With the release of Batman V Superman: Dawn Of Justice, everyone seems to have got their knickers over their unitards into a twist over Superman’s (Henry Cavill) “killing spree” in Metropolis at the end of Man Of Steel, referenced again in BvS‘s ground zero eye view from an appalled and angry Bruce Wayne (Ben Affleck).
I wanted to set the record straight, but someone has already done a sterling job defending Superman’s actions, and identifying the quandary he finds himself in as “the son of three fathers” – Jor-El, Jonathan Kent, and Zod. That writer is John Warrender. I can’t link to his original writing as he has wound up his blog (shame!) but I had the foresight to save his writings on this and The Dark Knight Rises as particularly insightful works, in the face of widely held blinkered views elsewhere. With his permission, here is some of his lengthy post on why Man Of Steel’s interpretation of the Superman myth is so strong and potent.
What Have They Done To The Man Of Tomorrow? (Abridged)
By John Warrender
The problem with holding fast to an image of Superman as a flawless individual who will always, always save everyone, when this is held as the crucial element that defines him above all other heroes, protecting this image becomes paramount, and his fans are on watch for deviations. As we get further and further from the moment Jerry Siegel and Joe Shuster invented the Man of Steel, back in a time when creating a paragon of virtue was arguably easier, there’s more chance that the character will be radically altered in a way that would contravene one of these essential elements of his nature. Considering how seriously people, including myself, take Superman’s core nature to be sacrosanct, it was only a matter of time before the Kryptonian god was irreparably besmirched.
Kevin Costner with one gesture, sold me 100% on the movie no matter how many times during the preceding hour I’d had wobbles of doubt. Of all the movies made by (Zack) Snyder thus far, nothing he’s depicted before has even approached the emotional power of Jonathan Kent sacrificing his life to keep his son’s identity a secret. Costner perfectly depicts the nobility of a father, the love he feels for his son and the confidence that he is in the right. It’s a stunning moment, the best and most human scene in the entire movie, and made all the better when you realise that Jonathan is totally, utterly wrong to do it. He’s brave in that moment, but his bravery is borne of a terrible fear that he infects his son with, and this is the (WORLD) engine that powers the movie.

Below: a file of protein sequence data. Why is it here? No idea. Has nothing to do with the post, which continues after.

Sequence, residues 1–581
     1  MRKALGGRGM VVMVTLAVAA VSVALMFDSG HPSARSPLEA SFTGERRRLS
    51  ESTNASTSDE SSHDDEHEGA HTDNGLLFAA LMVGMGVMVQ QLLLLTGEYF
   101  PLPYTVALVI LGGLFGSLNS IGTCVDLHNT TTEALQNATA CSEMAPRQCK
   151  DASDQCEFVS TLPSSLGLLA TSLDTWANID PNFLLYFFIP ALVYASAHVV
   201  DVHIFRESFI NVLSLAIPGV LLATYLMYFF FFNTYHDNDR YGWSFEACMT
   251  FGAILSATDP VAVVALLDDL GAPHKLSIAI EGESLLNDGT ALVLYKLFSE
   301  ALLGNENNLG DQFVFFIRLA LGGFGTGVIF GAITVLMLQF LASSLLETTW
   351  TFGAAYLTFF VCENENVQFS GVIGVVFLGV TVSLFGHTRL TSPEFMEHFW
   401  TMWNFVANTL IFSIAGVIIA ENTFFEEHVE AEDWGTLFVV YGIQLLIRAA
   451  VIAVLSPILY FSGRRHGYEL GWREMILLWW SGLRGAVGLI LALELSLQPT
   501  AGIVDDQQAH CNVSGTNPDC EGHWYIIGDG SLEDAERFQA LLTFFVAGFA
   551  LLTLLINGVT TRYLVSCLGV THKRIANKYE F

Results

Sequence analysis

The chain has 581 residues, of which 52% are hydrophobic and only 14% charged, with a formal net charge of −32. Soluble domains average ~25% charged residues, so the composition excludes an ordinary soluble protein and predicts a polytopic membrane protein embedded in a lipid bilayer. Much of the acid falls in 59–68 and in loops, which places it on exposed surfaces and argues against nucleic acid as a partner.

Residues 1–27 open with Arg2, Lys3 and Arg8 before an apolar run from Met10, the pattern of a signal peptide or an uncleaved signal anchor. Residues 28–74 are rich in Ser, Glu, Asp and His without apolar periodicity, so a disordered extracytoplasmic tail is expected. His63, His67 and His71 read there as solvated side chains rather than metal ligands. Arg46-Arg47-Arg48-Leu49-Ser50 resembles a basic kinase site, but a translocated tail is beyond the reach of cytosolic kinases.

Kal-El, as well as being a Christ symbol of great obviousness, is also a son with three “fathers”, two of whom raise him and the third who comes in at the end to deliver a lesson that shakes Kal from his cocoon of fear and doubt in the most unpleasant way. Krypton is a world that has allowed itself to stagnate due to a eugenics programme that has oppressed its citizens even before birth; the Genesis Chamber within which Kryptonians are born is a direct lift from The Matrix, right down to the spider-like machines that pluck ripe babies from nutrient stems like grapes. No one on the planet is allowed to determine their own fate, which Jor-El and Lara rebel against. They create Kal in the first natural birth on the planet in millennia, and then send him off to one of the Kryptonian Empire’s failed colonies to hopefully save their doomed civilisation.